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Myopia Management

4 Common Myopia Myths Debunked

4 Common Myopia Myths Debunked 640Myopia (nearsightedness) occurs when the eye elongates and rays of light entering the eye are focused in front of the light-sensitive retina rather than directly on it.

It’s by far the most common refractive error among children and young adults.

To help understand and learn more about what myopia means for your child’s vision, we’ve debunked 4 common myopia myths.

Myth: Myopia only develops in childhood

Fact: While it’s true that in most cases nearsightedness develops in childhood, it can also develop during one’s young adult years.

Myth: Wearing eyeglasses or contact lenses cause myopia to worsen

Fact: Prescription eyeglasses and contact lenses in no way exacerbate myopia. Optical corrections help you see comfortably and clearly. Another common misconception is that it’s better to use a weaker lens power than the one prescribed by your eye doctor. This is simply not true. By wearing a weaker lens you are contradicting the purpose of using corrective eyewear, which is to comfortably correct your vision.

Myth: Taking vitamins can cure myopia

Fact: Vitamins have been proven to slow the progression of or prevent some eye conditions, such as age-related macular degeneration (AMD) or cataracts. However, no vitamin has been shown to prevent or cure myopia. All vitamins and supplements should only be taken under the advice of your healthcare professional.

Myth: There is no way to slow the progression of myopia.

Fact: There are a few ways to slow down the progression of myopia:

Get more sunlight. Studies have shown that children who spend more time playing outdoors in the sunlight have slower myopia progression than children who are homebodies.

Take a break. Doing close work, such as spending an excessive amount of time looking at a digital screen, reading, and doing homework has been linked to myopia. Encouraging your child to take frequent breaks to focus on objects farther away can help. One well-known eye exercise is the 20-20-20 rule, where you take a 20-second break to view something 20 feet away every 20 minutes.

Other options to slow myopia progression include:

  • Orthokeratology/Ortho-k. These are specialized custom-fit contact lenses shown to decrease the rate of myopia progression through the gentle reshaping of the cornea when worn overnight.
  • Multifocal lenses offer clear vision at various focal distances. Studies show that wearing multifocal soft contact lenses or multifocal eyeglasses during the day can limit the progression of myopia compared to conventional single vision glasses or contact lenses.
  • Atropine drops. 1.0% atropine eye drops applied daily in one eye over a period of 2 years has shown to significantly reduce the progression of myopia

Prevent or slow the progression of your child’s myopia with myopia management. Contact Fusion Eye Care's Myopia Control Center to book your child’s consultation today!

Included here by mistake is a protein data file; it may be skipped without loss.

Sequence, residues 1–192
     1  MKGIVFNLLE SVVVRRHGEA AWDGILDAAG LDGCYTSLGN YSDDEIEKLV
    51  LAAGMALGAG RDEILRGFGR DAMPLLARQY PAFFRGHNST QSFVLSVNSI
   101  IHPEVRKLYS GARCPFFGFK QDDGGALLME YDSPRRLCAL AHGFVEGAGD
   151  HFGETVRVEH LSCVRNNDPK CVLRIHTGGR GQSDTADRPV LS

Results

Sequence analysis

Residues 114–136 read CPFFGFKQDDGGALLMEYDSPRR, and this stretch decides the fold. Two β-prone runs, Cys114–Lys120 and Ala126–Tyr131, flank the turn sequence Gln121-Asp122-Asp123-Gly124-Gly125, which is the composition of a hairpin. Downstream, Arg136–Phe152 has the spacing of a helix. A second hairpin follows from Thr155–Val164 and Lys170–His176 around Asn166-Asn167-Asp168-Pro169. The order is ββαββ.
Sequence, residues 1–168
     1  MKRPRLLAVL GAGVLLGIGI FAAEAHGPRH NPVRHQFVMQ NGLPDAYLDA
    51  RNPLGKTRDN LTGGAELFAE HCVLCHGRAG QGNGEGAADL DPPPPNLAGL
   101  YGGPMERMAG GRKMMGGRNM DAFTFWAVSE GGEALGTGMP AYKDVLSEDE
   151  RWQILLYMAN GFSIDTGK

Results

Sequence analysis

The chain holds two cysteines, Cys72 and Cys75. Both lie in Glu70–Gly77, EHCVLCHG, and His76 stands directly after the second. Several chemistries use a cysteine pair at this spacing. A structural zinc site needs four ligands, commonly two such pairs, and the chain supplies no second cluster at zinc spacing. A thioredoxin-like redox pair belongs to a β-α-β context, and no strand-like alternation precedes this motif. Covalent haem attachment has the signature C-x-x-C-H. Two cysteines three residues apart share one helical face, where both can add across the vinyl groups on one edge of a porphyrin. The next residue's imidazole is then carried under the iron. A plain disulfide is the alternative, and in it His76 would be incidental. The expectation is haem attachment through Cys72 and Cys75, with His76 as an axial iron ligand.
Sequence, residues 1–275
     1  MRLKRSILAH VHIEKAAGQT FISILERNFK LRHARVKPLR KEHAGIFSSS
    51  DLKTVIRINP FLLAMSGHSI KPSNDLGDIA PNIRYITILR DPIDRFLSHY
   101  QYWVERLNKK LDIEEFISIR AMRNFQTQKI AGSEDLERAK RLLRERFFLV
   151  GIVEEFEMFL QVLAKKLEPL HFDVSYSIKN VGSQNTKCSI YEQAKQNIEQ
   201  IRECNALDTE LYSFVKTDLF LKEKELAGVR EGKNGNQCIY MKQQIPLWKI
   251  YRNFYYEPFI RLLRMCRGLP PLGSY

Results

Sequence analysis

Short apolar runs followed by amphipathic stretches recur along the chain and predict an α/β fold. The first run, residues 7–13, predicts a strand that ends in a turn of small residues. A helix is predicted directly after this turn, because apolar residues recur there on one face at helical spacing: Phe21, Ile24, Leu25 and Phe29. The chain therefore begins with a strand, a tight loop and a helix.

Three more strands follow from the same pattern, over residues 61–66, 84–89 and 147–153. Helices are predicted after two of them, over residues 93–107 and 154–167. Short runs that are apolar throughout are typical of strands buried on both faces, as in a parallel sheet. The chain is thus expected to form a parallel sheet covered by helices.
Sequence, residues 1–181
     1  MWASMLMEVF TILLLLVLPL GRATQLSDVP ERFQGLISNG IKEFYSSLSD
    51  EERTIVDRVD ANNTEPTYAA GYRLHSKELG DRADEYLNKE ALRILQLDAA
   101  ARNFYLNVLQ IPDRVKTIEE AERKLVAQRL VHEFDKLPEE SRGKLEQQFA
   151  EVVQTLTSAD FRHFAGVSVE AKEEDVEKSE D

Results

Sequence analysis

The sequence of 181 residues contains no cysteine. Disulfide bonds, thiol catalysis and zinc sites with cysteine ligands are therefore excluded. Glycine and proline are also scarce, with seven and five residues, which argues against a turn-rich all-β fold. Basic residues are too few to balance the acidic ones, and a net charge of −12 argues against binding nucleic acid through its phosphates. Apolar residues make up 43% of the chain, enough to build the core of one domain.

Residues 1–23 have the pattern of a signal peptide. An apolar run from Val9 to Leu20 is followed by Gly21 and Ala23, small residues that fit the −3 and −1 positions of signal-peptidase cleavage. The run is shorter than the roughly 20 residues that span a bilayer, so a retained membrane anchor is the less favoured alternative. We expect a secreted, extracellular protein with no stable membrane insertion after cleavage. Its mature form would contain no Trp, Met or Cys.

Fusion Eye Care's Myopia Control Center serves patients from Raleigh, Cary, Chapel Hill, and Durham, all throughout North Carolina.

Frequently Asked Questions with Dr. Kiarash Bassiri, OD

Q: Can myopia be cured?

  • A: Currently, there is no cure for myopia. However, various myopia management methods can slow its progression.

Q: How much time should my child spend outdoors to reduce the risk of myopia?

  • A: Make sure your child spends at least 90 minutes a day outdoors.


Fusion Eye Care's Myopia Control Center serves patients from Raleigh, Cary, Chapel Hill, and Durham, all throughout North Carolina.

 

Request a Myopia Management Appointment
Want To Discuss Myopia? Call 919-977-7480

How Often Does Your Myopic Child Need An Updated Prescription?

Mom Daughter Child Eye HealthEvery year you buy your children clothing without thinking about why you are doing it. You just know they have outgrown their clothes and need a new coat and certainly new shoes. This also applies to prescription glasses. When your child grows, so do their eyes.

If their eyes grow too long, they develop myopia — nearsightedness. Children whose myopia develops quickly, and/or is moderate to severe, are at a heightened risk of developing sight-threatening eye diseases in adulthood.

Changes in Your Eyes

Babies are born with eyes about 16.5 millimeters in length. When their eyes are about 24 millimeters long — at the age of 20 and 21 — they stop getting longer.

As our eyes grow larger, the way they refract light onto the retina can change, necessitating a new prescription.

During their first few years, children are mainly concerned with interacting with their surroundings, requiring them to use their intermediate and far vision. However, when the school years start, they begin to focus more intently on close-up activities like reading from books and using computers. As a result, their eyes may become more nearsighted.

School-age children can be impacted by progressive myopia, where the myopia continues to worsen throughout the school years. Their optical prescriptions can change, often dramatically, every 6-12 months